How Youth Riders Can Win A FREE AQHA Weanling

malabieWhile reading AQHA’s America’s Horse magazine one day last year, I came across an article about how AQHYA members could receive a free weanling, and participate in the AQHA Ranching Heritage Young Horse Development Program (YHDP). The YHDP is a yearlong program in which selected youths, ages 12 -18, raise, train, and show an American Quarter Horse weanling. To apply for the YHDP, you must send in an application, sign a waiver, and include an essay on, “Why I would like to own and raise an American Quarter Horse Weanling.”

The weanlings are donated to the YHDP participants by AQHA Ranching Heritage Breeders across the United States, and are eligible to compete in the AQHA Ranching Heritage Challenge. The weanlings are paired up with the selected youth participant. Once in the year-long program, the youths are required to show their young horse in a either an AQHA, 4-H, or local show. They also must meet with an AQHA Professional Horseman/woman who will evaluate how well they trained the horse. The Professional Horseman/woman will also test their skills on horse anatomy, and the proper way to show a horse. Also, participants must send in a monthly report on training progress.

The YHDP sounded very interesting to me, and I felt I was ready to challenge myself by starting my own young horse, so I decided to apply. Shortly after I heard the exciting news that I was one of the selected participants for the 2014-15 Young Horse Development Program! After a few weeks, my new weanling colt made the journey from the Raymond Sutton Ranch in South Dakota to my home in California. My new colt, RWS A Legendary Rio, is a sorrel colt with a very friendly and sweet personality. I really enjoyed working and showing Rio this past year. He is now one and a half years old now and nearly as big as my other quarter horse!

The Young Horse Development Program program would be great for any youth who has a passion for working with horses, especially if they want to challenge themselves by starting their own young horse. Being in the year-long program teaches you many new things about horses, as well as being a better trainer. Also, through Facebook, you are able to get to know other participants in the program throughout the United States. The program also allows youths to get more involved in AQHA and the horse industry. At the end of the year, all the monthly training reports are graded, and scholarships and prizes are awarded to the top five participants. I really enjoyed the program while I was in it and I know future YHDP participants will, too.  To learn more about the YHDP or to apply for next year visit AQHA Young Horse Development.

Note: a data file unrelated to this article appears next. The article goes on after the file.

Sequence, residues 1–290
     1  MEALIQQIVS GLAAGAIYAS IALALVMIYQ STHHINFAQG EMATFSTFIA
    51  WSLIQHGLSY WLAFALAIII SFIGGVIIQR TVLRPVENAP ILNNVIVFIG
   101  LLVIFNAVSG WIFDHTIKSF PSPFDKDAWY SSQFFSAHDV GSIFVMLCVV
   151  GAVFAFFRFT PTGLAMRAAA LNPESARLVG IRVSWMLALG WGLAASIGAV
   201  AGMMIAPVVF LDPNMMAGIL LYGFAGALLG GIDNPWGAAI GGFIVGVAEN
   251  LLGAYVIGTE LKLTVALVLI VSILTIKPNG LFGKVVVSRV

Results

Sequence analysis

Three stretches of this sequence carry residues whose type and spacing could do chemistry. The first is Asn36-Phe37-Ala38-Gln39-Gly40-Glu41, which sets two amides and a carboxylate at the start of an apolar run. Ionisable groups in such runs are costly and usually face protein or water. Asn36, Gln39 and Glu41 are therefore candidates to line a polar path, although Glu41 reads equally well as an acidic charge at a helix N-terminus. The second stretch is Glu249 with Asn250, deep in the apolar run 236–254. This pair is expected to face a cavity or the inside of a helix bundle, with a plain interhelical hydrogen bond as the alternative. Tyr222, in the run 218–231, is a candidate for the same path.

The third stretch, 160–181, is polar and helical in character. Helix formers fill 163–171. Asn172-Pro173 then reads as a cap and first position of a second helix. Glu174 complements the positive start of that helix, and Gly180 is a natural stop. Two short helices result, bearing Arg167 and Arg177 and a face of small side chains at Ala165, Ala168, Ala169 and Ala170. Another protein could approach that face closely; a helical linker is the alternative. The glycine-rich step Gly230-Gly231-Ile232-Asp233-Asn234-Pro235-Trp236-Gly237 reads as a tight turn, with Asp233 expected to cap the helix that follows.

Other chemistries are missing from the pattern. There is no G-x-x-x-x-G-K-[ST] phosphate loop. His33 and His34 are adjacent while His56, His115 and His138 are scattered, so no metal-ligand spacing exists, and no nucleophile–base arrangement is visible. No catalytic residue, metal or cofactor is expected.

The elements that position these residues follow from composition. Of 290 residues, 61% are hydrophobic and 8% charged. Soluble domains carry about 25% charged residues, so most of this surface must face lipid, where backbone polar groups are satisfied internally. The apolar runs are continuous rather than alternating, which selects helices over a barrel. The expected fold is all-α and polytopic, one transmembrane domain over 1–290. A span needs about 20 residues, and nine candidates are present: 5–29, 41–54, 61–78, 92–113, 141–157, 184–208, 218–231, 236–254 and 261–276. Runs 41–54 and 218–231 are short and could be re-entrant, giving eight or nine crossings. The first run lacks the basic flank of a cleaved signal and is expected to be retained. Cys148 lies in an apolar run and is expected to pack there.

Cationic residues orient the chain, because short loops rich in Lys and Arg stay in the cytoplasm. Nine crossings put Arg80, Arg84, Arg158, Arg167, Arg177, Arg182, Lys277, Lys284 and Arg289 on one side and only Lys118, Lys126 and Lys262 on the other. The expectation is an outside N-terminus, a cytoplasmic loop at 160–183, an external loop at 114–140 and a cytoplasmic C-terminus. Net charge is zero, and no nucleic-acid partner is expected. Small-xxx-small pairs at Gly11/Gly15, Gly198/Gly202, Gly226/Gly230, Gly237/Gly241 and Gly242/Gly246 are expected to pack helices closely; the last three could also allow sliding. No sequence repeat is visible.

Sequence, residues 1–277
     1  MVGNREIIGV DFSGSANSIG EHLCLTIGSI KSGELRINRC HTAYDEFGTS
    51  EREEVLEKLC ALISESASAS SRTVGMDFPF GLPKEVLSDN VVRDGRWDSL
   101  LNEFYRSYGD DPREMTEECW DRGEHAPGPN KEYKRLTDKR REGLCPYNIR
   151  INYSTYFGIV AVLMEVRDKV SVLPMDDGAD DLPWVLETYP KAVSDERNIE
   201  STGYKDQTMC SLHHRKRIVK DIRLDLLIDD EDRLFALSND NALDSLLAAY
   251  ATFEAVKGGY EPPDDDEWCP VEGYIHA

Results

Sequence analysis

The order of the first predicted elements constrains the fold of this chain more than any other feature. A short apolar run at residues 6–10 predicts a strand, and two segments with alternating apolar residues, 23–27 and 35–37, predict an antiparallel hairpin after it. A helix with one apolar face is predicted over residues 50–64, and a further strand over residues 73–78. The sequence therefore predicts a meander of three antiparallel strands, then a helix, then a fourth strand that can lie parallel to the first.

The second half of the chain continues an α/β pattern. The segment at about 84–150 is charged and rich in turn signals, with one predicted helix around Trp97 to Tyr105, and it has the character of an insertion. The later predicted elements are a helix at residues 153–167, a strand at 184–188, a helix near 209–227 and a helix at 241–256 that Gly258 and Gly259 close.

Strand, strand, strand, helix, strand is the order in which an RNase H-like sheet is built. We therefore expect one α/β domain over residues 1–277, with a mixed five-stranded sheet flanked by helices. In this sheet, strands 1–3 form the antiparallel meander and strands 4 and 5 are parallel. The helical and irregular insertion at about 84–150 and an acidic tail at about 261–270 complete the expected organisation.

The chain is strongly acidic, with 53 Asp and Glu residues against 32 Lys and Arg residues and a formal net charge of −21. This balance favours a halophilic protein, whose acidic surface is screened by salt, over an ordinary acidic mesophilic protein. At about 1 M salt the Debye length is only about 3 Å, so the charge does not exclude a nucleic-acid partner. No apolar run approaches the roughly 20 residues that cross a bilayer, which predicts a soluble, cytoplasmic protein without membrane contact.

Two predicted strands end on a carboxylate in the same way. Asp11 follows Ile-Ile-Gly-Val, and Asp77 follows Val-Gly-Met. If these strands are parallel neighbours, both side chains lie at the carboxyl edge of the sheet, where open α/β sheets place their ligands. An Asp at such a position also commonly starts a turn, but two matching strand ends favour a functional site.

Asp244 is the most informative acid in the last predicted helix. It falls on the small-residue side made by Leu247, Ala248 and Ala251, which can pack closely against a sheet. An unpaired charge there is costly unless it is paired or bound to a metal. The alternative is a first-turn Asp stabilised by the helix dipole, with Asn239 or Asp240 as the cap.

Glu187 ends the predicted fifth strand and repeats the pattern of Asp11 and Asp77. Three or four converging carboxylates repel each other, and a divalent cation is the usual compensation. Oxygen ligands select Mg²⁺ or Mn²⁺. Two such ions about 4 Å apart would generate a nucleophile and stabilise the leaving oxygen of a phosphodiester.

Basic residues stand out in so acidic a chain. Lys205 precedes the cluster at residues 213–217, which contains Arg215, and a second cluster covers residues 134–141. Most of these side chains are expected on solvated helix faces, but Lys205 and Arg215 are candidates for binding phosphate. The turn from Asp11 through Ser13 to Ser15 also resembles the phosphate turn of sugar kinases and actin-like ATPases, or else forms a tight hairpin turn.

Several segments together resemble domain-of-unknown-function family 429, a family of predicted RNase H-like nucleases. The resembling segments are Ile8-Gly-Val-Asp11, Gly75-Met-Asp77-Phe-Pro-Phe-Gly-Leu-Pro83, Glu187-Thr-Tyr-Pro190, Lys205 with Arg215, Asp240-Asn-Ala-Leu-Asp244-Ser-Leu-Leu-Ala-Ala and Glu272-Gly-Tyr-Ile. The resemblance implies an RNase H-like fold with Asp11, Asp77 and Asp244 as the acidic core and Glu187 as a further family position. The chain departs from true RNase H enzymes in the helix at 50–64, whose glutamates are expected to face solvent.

Written By,  Malabie Newman.  Share this on Facebook if you’d like to see more great programs for Youth Riders!

4 Responses

  1. Amber Ouellette

    I would love to get a yearling and to the program because I want to become a horse trainer when I’m older I am 16 I road a 15 year old mare for my first horse but she was a bridge mare befor I got her so she was pritty fisty then an old energy cam up so I couldent ride her any more so I got to keep her still and my mom gave me a 3 year old and we had connected after the first day you could keep us apart do I was training her and she learned something new ever day I was so proud of her but one year latter I had to put her down because of sand colic so my parents gave me another horse and he is terrific and learning really good for a horse that likes to stand and do nothing but he is pritty fast so I use him on barrels but I kinda miss the bond I had with my 3 year old cause I started her young I feel I would get the same if I stared a baby quarter horse would be a dream come true

    Reply
    • Amber Ouellette

      I would love to get a yearling and to the program because I want to become a horse trainer when I’m older I am 16 I road a 15 year old mare for my first horse but she was a bridge mare befor I got her so she was pritty fisty then an old energy cam up so I couldent ride her any more so I got to keep her still and my mom gave me a 3 year old and we had connected after the first day you could keep us apart do I was training her and she learned something new ever day I was so proud of her but one year latter I had to put her down because of sand colic so my parents gave me another horse and he is terrific and learning really good for a horse that likes to stand and do nothing but he is pritty fast so I use him on barrels but I kinda miss the bond I had with my 3 year old cause I started her young I feel I would get the same if I stared a baby quarter horse would be a dream come true

      Reply
    • Anonymous

      I’m sorry about your filly, it must have been hard losing her. I’m 16 too. I loved the program it really taught me so much about training horses. You should apply for it next year!

      Reply

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